The forum this week required us to contextualise our own practice:
- Where is your gaze?
- How do you look at and understand the world?
- How does photography contribute to this (both positively and negatively)?
- Are you a voyeur in your practice?
My gaze is an inquisitive one, and I hope viewers of my work will be inquisitive too. My practice is rarely literal, but metaphorical, with narratives that are suggested or hinted at.
I have this approach when trying to make sense of the world, particularly in the behaviours of those around me, which my fascination with psychology has only broadened.
The quote from Angier (2007, p.61) in the presentation talks about voyeurism, in that it is:
“…a particular point of view, based on a longing to possess that which one knows one cannot (and ultimately does not want to) have.”
The narratives that I attempt to suggest involve characters whose own contextual stories are built on thoughts, feelings, and circumstances. It is these hidden stories that I want to discover, both pictorially and in ‘real life’ – so for me that is the knowledge that I cannot possess, only imagine.
Secondly, we were required to read Bright (1985) ‘Of Mother Nature and Marlboro Men‘ in Exposure Vol.23, No.1, (Winter 1985) and comment on an advertisement we have seen in which the gaze is particularly important.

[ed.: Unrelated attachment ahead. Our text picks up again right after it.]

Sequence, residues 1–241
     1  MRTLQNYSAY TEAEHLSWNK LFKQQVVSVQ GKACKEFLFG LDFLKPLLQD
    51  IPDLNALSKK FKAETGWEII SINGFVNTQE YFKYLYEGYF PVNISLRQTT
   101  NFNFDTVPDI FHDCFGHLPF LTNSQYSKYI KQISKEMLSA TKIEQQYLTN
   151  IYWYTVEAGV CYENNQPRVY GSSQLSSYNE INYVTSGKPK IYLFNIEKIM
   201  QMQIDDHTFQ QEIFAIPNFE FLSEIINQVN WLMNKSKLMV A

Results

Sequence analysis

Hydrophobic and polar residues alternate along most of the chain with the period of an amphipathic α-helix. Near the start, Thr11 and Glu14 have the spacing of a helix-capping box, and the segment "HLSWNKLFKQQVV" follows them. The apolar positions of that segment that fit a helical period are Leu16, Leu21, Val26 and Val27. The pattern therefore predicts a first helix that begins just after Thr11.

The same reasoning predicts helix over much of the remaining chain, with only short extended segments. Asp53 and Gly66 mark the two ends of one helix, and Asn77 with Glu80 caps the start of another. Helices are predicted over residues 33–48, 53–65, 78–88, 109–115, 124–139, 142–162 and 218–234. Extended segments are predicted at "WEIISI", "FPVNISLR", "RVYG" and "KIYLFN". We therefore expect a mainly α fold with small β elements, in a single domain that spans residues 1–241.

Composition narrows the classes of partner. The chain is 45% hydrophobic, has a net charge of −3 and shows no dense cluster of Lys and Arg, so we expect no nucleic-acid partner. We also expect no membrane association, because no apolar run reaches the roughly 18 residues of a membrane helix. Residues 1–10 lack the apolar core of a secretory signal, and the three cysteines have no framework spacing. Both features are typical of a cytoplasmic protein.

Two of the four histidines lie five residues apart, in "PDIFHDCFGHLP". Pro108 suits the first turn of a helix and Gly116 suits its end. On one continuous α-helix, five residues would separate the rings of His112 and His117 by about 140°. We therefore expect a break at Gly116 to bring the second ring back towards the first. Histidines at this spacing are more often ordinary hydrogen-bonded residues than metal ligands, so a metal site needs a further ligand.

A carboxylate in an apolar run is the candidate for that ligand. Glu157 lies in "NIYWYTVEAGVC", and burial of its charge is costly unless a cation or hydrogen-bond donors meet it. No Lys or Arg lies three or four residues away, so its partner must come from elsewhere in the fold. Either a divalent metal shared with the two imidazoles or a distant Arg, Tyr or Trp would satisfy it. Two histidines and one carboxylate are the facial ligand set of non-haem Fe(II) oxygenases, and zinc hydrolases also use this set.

This advertisement is currently framed on the inside of female toilet doors in motorway service stations:
Bright (1985) states
” If we are to make photographs that raise questions or make statements about what is in and around the picture, we must first become more conscious of the ideological assumptions that structure our approaches…We need to examine the restrictive terms of the art museum and gallery…and ask ourselves whether we need to seek out other markets and audiences for our work.”
This advert is clearly made for the female gaze, hence its location. However instead of being led to the issue in question, I found myself gazing at the girl, and considering the ethics of the photograph, wondering who ‘Katiatu’ is, and whether she gave permission for her photograph to be used in this way. I also wonder how the male gaze would respond to it if it were placed within their field of vision.
Sontag (1977, p14) said that
“to photograph people is to violate them, by seeing them as they never see themselves, having knowledge of them they can never have, it turns people into objects that can by symbolically possessed.”
Whether or not the girl in the picture is actually ‘Katiatu’, or whether she’s a fictional character used to illustrate the advertisement; the gaze that we afford this girl seems to me to be an invasion of her privacy, and at odds with the message, which is a request for donations to help her save her embarrassment.